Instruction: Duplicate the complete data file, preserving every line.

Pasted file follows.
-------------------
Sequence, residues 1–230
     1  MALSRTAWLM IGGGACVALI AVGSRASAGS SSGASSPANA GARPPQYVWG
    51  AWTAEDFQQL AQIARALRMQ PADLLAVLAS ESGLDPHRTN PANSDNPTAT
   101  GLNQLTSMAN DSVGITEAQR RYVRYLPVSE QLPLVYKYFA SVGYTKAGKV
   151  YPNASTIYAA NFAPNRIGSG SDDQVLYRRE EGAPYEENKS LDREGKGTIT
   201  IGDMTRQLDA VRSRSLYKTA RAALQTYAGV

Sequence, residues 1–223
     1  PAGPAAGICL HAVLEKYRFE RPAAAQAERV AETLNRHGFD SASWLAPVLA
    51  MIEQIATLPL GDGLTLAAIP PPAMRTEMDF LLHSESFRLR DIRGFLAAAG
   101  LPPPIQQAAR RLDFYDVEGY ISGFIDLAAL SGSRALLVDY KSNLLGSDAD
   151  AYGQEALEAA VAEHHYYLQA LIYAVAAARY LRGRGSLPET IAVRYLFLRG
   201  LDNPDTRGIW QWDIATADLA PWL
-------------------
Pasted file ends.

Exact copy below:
Sequence, residues 1–230
     1  MALSRTAWLM IGGGACVALI AVGSRASAGS SSGASSPANA GARPPQYVWG
    51  AWTAEDFQQL AQIARALRMQ PADLLAVLAS ESGLDPHRTN PANSDNPTAT
   101  GLNQLTSMAN DSVGITEAQR RYVRYLPVSE QLPLVYKYFA SVGYTKAGKV
   151  YPNASTIYAA NFAPNRIGSG SDDQVLYRRE EGAPYEENKS LDREGKGTIT
   201  IGDMTRQLDA VRSRSLYKTA RAALQTYAGV

Sequence, residues 1–223
     1  PAGPAAGICL HAVLEKYRFE RPAAAQAERV AETLNRHGFD SASWLAPVLA
    51  MIEQIATLPL GDGLTLAAIP PPAMRTEMDF LLHSESFRLR DIRGFLAAAG
   101  LPPPIQQAAR RLDFYDVEGY ISGFIDLAAL SGSRALLVDY KSNLLGSDAD
   151  AYGQEALEAA VAEHHYYLQA LIYAVAAARY LRGRGSLPET IAVRYLFLRG
   201  LDNPDTRGIW QWDIATADLA PWL